missouri g673b0e284 640

Case Lesson: Mo. Exclusive Remedy Rules Prevent Health Care Providers from Suing Insurers, Employers for Unpaid Medical Bills

25 Jul, 2023 Frank Ferreri

missouri g673b0e284 640
                               

When an insurer or an employer doesn't pay the bill for an injured employee's medical care, health care providers must pursue their remedies under the Workers' Compensation Act.

Case: Orthopedic Ambulatory Surgery Center of Chesterfield, LLC, v. Sharpe Holdings, Inc., 2023 WL 4711676 (Mo. Ct. App. 07/25/23)

What Happened: Health care providers rendered medical care pursuant to the Missouri Workers' Compensation Act to injured workers at the request of employers and the employers' workers' compensation insurance companies.

The issue that arose is whether the providers, after receiving partial payment for the medical care they provided, could pursue claims against the employers and insurers for the remaining balance of the charges or whether their recourse was exclusively limited to the procedures and remedies available under the act.

Workers' Comp 101: In Missouri, "accident" is defined as “an unexpected traumatic event or unusual strain identifiable by time and place of occurrence and producing at the time objective symptoms of an injury caused by a specific event during a single work shift.” 

The court ruled in favor of the employers and insurers, concluding that "the procedures established by the Act and its associated regulations provide an exclusive remedy before the Division for resolving disputes involving medical fees and charges in Workers’ Compensation cases."

The providers appealed.

Rule of Law: Under Missouri's Workers' Compensation Act, providers' “fees and charges under this chapter shall be fair and reasonable” and “shall be subject to regulation by the division.”

What the Court Said: The state legislature meant for disputes regarding payments of charges related to workers' compensation to be handled under the Workers' Compensation Act.

"The legislature's intent is manifest that this specific type of dispute regarding medical bills for treatment provided 'under this chapter' is to be decided by the Division or the Commission," the court wrote. "It is noteworthy that the legislature has also defined the legal standards governing such disputes — whether the bills are 'fair and reasonable' and 'usual and customary.'"

Preemption Argument

The court rejected the providers' argument that the legislature did not clearly preempt its common law claims to recover what it was owed from the employers and insurers, highlighting that "in the world of workers' compensation, the relationships are legally altered."

When a person is injured outside the workers' compensation context, that person typically seeks medical care directly from a provider, and the provider seeks payment from the person or the person's insurance company.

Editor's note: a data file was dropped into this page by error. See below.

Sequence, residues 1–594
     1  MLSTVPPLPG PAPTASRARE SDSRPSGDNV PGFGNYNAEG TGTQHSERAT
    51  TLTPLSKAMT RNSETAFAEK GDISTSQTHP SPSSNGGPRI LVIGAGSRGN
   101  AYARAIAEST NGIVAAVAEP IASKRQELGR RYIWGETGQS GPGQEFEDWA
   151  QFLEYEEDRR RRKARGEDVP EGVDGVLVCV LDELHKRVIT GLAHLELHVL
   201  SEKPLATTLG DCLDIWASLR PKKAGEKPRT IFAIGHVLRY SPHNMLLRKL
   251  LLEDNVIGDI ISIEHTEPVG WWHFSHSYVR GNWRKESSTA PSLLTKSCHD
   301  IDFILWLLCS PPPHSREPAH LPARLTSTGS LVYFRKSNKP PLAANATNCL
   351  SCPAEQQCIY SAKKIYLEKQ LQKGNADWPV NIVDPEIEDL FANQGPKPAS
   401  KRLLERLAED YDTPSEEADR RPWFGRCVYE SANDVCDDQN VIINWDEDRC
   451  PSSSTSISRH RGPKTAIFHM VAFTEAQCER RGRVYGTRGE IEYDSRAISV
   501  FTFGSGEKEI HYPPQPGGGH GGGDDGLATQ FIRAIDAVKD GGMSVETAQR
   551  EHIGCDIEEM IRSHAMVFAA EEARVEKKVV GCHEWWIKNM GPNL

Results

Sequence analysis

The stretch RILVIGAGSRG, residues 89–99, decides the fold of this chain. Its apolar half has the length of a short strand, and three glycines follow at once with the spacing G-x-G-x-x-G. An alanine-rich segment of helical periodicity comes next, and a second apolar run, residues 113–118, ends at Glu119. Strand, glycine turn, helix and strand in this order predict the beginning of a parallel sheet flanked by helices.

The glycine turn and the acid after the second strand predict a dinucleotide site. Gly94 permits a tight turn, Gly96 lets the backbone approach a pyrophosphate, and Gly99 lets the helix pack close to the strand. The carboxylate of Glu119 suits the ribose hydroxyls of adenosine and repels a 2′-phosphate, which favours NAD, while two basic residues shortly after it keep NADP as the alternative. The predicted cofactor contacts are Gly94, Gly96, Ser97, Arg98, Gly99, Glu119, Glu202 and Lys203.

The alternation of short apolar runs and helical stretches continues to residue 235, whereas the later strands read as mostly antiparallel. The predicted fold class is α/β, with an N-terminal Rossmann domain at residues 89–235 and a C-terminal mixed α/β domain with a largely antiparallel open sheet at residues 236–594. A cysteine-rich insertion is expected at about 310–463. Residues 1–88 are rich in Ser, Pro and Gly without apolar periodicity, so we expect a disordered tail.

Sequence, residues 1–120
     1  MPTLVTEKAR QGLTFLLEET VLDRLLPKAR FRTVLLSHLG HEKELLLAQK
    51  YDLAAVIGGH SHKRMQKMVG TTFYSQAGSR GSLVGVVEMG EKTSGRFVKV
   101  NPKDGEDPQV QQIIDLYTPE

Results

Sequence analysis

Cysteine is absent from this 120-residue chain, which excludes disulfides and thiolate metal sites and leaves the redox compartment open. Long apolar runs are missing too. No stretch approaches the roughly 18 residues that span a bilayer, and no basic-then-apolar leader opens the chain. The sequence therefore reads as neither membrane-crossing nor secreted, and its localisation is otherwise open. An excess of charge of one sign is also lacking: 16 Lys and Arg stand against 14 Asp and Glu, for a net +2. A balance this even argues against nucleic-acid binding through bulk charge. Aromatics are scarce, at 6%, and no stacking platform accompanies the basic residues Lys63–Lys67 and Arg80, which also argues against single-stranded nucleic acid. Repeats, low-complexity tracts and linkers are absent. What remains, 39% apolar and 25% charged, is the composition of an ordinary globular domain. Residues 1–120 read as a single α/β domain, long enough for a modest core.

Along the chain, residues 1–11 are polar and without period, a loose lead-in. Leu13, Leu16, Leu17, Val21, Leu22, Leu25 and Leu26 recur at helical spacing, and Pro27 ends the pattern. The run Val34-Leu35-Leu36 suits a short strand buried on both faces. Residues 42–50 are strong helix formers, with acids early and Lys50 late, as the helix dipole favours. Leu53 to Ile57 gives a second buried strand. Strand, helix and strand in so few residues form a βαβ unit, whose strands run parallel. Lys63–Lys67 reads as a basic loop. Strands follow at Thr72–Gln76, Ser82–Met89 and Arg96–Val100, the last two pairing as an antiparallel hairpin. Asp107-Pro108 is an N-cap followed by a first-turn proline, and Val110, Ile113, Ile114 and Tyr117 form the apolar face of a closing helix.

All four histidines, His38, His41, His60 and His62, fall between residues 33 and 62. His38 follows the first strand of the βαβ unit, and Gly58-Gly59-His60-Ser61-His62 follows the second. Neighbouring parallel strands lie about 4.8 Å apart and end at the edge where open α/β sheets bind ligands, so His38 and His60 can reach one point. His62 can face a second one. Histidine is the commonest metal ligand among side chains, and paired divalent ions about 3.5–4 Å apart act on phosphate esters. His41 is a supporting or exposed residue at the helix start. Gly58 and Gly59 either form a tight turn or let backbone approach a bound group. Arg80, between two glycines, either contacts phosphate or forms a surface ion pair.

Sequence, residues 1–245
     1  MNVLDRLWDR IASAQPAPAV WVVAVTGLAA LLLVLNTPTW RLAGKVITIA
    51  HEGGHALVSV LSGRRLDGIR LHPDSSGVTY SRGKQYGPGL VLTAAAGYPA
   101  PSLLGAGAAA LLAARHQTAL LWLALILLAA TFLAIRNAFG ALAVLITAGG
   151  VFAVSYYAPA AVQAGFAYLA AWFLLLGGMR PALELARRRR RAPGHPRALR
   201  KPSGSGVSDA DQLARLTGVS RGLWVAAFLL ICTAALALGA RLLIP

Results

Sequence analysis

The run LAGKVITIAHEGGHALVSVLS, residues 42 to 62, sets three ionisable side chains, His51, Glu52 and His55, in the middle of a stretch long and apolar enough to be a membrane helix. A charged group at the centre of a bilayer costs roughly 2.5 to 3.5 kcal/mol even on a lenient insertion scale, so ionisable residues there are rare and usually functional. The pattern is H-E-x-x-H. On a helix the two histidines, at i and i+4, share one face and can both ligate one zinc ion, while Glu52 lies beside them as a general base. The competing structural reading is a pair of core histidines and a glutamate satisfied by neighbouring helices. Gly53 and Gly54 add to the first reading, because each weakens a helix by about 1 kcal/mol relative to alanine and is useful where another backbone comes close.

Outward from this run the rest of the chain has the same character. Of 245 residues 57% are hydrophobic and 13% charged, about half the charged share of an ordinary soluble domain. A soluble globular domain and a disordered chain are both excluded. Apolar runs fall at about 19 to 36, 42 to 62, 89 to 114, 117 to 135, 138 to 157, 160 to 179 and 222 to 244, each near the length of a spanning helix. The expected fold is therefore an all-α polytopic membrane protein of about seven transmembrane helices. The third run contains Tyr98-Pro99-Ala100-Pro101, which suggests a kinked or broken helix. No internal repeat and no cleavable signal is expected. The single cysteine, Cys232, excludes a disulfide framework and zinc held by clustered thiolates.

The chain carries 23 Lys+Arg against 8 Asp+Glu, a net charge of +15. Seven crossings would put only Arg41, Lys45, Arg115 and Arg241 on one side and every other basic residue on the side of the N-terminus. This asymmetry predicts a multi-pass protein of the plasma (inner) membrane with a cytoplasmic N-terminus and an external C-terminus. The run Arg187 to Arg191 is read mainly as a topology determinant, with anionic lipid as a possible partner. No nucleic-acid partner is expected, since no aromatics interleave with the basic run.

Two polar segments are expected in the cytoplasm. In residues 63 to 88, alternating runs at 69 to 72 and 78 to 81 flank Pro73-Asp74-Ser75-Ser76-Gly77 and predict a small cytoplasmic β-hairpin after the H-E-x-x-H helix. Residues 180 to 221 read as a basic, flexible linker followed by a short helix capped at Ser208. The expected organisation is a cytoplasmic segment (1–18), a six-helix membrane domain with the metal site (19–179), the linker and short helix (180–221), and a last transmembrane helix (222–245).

In workers' compensation, things are different.

"The employer is statutorily required to provide and pay for medical care for the injured worker and the employer gets to select the HCP," the court wrote. "When HCPs provide medical treatment under the Act, they enter a comprehensive statutory scheme under which the HCPs acquire certain rights and assume certain responsibilities and limitations beyond the common law."

Primary Jurisdiction

Additionally, the court noted that the primary jurisdiction doctrine, under which courts will not decide a controversy involving a question within the authority of an administrative tribunal until after that tribunal has rendered its decision: 1) where administrative knowledge and expertise are demanded; 2) to determine technical, intricate fact questions; and 3) where uniformity is important to the regulatory scheme applied.

The court reasoned that the doctrine applied in this case so as to leave the decision in the Division's -- rather than the court's -- hands.

"The Division is well-versed in medical matters and statutorily charged with determining whether bills are fair and reasonable and usual and customary," the court wrote. "Allowing parallel litigation on these issues runs contrary to the uniformity sought by this regulatory scheme."

The Takeaway: In Missouri, common law is not an avenue health care providers can pursue to recover unpaid medical bills in workers' compensation cases.


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    About The Author

    • Frank Ferreri

      Frank Ferreri, M.A., J.D. covers workers' compensation legal issues. He has published books, articles, and other material on multiple areas of employment, insurance, and disability law. Frank received his master's degree from the University of South Florida and juris doctor from the University of Florida Levin College of Law.

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